"Put it all on red. It's the circle of life." Honestly, I don't know what's going on here. It sounds like a Lion King joke, but the reference to roulette right before makes me wonder if that's the circle Bond's talking about. But how is that the circle of life? No idea. Don't like it.


Since we have a Q again, we also finally have some gadgets, though they're relatively low tech. The fanciest is a Walther PPK/S with a palm-print reader so that only Bond can fire it. Besides that, there's just a radio transmitted tracking device.

Of course, the Aston Martin DB5 does show up again and it's tricked out with (at least) an ejector seat and machine guns like the one in Goldfinger.

Top Ten Gadgets

1. Lotus Esprit (The Spy Who Loved Me)
2. Aston Martin DB V (Goldfinger and Thunderball)
3. Jet pack (Thunderball)
4. Iceberg boat (A View to a Kill)
5. The Q Boat (The World Is Not Enough)
6. Aston Martin V8 Vantage (The Living Daylights)
7. Glastron CV23HT speed boat (Moonraker)
8. Acrostar Mini Jet (Octopussy)
9. Crocodile submarine (Octopussy)
10. X-Ray Specs (The World Is Not Enough)


Erik Johnson Illustrator said...

I've heard that Connery was supposed to have a cameo in Die Another Day as well. Supposedly this would confirm the long running fan theory that James Bond is a code name passed from agent to agent.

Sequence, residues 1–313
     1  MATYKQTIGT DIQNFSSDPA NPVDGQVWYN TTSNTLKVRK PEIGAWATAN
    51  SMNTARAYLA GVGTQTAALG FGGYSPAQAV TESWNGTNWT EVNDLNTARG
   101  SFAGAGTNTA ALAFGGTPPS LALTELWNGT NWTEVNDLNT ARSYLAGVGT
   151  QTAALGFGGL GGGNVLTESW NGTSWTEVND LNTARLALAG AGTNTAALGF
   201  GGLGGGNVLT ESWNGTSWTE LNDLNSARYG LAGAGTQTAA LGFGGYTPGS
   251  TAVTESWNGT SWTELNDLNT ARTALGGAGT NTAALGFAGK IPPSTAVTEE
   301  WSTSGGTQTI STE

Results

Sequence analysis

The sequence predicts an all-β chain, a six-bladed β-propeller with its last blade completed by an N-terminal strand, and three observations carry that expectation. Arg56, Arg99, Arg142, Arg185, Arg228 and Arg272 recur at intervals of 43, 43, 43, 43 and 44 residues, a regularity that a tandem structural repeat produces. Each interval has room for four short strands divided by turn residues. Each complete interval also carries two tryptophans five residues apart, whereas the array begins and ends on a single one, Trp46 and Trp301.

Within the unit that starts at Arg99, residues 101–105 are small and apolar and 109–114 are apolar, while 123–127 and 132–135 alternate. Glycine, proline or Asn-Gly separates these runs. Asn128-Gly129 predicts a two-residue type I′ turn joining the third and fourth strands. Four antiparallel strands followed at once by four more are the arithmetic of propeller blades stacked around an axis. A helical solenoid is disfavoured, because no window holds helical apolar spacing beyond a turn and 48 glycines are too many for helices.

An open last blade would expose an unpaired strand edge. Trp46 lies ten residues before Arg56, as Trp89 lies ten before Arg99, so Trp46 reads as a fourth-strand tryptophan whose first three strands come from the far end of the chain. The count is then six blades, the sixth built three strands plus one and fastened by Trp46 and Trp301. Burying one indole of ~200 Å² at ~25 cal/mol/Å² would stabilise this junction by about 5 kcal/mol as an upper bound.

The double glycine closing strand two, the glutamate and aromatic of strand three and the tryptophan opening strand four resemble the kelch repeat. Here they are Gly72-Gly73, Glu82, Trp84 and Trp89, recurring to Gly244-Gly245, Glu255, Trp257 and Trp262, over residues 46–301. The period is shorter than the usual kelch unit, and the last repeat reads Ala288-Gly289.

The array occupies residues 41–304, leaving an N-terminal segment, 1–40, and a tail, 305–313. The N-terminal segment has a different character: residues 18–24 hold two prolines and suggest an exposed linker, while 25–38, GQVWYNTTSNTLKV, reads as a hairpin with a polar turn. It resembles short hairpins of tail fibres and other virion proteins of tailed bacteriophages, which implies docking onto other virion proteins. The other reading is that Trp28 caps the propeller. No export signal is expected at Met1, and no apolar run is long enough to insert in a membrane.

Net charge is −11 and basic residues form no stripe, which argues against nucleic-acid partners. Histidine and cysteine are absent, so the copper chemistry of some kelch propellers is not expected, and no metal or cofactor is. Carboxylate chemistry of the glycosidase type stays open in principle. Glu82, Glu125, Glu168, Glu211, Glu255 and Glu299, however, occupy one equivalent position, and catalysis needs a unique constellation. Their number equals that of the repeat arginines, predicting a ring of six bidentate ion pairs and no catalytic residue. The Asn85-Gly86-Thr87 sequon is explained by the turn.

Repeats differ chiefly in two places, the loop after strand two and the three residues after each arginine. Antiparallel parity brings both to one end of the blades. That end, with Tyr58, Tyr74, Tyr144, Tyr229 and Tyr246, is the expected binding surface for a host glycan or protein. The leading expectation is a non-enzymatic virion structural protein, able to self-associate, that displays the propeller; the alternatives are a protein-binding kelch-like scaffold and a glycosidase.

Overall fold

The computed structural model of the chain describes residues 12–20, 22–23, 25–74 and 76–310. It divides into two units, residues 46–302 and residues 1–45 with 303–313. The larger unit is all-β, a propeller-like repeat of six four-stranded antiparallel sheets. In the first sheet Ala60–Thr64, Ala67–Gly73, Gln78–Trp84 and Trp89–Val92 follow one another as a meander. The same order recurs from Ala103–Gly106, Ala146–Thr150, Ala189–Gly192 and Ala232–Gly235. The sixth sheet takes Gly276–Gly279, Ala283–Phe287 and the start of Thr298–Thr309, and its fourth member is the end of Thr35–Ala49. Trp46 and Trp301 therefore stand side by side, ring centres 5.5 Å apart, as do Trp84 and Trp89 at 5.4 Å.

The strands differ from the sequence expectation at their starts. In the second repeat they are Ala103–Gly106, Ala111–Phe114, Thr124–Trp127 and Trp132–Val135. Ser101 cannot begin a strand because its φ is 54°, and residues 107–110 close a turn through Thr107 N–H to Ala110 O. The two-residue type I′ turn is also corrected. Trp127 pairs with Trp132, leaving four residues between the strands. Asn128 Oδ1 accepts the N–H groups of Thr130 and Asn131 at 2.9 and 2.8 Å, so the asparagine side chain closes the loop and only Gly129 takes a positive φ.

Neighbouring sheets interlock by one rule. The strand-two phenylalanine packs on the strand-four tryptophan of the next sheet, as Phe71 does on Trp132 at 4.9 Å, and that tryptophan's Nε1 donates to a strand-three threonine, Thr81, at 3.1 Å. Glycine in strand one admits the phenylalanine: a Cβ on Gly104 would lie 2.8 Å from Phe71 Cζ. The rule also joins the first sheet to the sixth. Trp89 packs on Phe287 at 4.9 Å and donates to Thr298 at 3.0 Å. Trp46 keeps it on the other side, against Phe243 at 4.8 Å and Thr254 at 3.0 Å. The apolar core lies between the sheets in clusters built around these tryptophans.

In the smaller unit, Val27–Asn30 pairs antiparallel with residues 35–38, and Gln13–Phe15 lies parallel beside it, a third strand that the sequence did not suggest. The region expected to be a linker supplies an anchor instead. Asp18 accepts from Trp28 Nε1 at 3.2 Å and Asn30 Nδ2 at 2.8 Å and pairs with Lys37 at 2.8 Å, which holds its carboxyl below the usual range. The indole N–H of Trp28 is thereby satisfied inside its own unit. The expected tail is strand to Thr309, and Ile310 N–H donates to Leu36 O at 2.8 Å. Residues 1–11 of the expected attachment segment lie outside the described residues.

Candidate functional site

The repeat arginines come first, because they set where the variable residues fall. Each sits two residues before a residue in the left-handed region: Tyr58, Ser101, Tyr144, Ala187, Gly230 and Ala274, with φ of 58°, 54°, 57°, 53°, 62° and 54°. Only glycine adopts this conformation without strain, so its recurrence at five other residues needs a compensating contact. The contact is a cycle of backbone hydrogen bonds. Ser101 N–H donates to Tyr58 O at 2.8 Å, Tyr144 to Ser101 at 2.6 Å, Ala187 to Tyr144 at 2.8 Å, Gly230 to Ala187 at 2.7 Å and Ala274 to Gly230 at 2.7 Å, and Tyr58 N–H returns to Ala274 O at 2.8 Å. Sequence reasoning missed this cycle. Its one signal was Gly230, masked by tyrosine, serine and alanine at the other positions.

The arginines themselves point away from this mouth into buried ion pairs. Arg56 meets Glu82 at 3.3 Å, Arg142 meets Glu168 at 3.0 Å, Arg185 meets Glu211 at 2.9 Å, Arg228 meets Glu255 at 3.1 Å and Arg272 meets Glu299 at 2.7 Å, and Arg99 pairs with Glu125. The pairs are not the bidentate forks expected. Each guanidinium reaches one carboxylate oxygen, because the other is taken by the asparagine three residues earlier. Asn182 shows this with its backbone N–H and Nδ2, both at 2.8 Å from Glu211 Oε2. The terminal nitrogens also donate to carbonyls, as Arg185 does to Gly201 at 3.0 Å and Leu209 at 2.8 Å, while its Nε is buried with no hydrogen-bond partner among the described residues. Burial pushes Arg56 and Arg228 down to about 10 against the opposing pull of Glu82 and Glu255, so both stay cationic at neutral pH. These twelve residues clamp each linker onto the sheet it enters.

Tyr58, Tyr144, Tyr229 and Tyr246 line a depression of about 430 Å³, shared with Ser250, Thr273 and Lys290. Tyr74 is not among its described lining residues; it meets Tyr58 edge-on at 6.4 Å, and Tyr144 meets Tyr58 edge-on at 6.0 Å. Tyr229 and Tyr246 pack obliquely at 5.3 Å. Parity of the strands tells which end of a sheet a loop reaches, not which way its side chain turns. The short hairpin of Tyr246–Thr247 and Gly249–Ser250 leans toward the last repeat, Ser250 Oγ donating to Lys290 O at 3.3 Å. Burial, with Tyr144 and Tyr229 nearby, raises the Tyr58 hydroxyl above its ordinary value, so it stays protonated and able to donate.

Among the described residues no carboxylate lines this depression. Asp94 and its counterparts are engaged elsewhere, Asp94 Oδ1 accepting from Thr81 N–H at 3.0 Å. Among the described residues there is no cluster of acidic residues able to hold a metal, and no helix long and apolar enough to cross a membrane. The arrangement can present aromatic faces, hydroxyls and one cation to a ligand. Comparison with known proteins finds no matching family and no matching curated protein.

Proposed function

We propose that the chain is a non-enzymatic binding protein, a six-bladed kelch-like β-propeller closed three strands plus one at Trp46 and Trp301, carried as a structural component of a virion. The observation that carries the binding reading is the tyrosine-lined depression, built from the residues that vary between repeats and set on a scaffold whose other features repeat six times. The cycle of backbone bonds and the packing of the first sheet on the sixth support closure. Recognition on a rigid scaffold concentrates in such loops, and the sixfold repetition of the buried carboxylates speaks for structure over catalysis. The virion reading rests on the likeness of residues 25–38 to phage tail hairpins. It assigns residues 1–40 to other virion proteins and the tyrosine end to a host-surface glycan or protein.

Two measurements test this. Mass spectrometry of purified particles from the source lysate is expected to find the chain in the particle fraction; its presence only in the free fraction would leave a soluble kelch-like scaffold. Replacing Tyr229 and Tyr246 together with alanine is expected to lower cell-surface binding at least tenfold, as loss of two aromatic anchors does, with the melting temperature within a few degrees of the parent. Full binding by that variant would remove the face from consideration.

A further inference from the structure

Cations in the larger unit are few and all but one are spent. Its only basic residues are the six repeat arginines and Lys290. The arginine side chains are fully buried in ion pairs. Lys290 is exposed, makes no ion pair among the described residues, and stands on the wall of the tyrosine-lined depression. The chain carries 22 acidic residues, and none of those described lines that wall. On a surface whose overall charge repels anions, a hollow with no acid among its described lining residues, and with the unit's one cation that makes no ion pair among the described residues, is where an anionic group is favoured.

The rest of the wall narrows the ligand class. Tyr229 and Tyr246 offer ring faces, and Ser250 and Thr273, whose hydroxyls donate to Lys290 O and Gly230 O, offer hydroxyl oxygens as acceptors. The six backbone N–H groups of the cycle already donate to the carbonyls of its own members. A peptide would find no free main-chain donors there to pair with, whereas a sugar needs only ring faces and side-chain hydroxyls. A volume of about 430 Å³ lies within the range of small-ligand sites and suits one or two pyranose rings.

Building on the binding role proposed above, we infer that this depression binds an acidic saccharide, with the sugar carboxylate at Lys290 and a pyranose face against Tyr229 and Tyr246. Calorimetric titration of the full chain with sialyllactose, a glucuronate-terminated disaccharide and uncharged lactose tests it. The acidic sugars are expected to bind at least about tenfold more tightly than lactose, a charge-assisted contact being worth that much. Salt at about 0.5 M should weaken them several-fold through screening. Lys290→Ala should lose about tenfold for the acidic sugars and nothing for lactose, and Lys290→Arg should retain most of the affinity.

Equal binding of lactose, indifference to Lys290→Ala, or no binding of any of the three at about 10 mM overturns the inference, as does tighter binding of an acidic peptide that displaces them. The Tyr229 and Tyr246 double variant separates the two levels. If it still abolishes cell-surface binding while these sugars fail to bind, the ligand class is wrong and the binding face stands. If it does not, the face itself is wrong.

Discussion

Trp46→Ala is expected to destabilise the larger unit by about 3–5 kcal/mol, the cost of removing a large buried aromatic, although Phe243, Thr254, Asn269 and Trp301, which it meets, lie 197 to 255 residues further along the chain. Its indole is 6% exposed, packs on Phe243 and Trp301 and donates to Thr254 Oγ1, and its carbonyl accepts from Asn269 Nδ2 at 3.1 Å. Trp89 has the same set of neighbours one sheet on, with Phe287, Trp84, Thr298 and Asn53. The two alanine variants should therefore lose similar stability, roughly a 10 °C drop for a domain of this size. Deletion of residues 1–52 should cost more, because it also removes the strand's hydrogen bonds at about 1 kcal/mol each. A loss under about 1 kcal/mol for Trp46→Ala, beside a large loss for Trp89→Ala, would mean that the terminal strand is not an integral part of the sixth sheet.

That's a neat idea but Skyfall pretty much torpedoes any plan there was to make that canon and I think that may have been for the best. The last thing you want to do after Craig has built up so much of this portrayal is to undermine the legitimacy of his character.

Michael May said...

Yours is a much better reason for not wanting to see that fan theory made canon.

I've always argued that the theory doesn't work, but I've just this second figured out how it does. It involves a stunning coincidence that Lazenby and Moore both married women with the same name who died under similar circumstances, but that coincidence is better than the memory implant theory I was working on.

Erik Johnson Illustrator said...

Skyfall seems to put Bond continuity into checkmate. Casino Royale and Quantum of Solace are firmly established as being at the start of Bond's career and yet Skyfall's mention of age and the reappearance of the Goldfinger Aston Martin makes it seem like this bond carries some history of the other actors. But it seems the studios aren't ready to confirm any fan theories and used the gravestone at the end to spell it out that this guy is the only and definitive James Bond.

Michael May said...

I forgot about the gravestone. Yeah, there's no theory that makes it all work. That's a fool's game.

Monc said...

When I watched "Skyfall," I was reminded of the discussion everyone eventually has with their significant other: if one of us dies, we want the other one to move on with their life, to meet someone else and be happy. "Skyfall" is when this happens to James Bond, and he learns he is actually not cool with that arrangement after all... and this is part of what unhinged Silva, too. We hate the idea that our significant one will eventually have a new favorite.

I think Bond wants to be special, to know that people will grieve when he is gone. It seems to me that the core of "Skyfall" is learning that we can grieve, we can mourn, but then you have to step aside and let someone else fill the void.

Michael May said...

That's a fascinating reading of it. I agree that Bond is upset at the beginning because he feels disposable. Which could make for some complicated emotions when M is the one who dies and is replaced.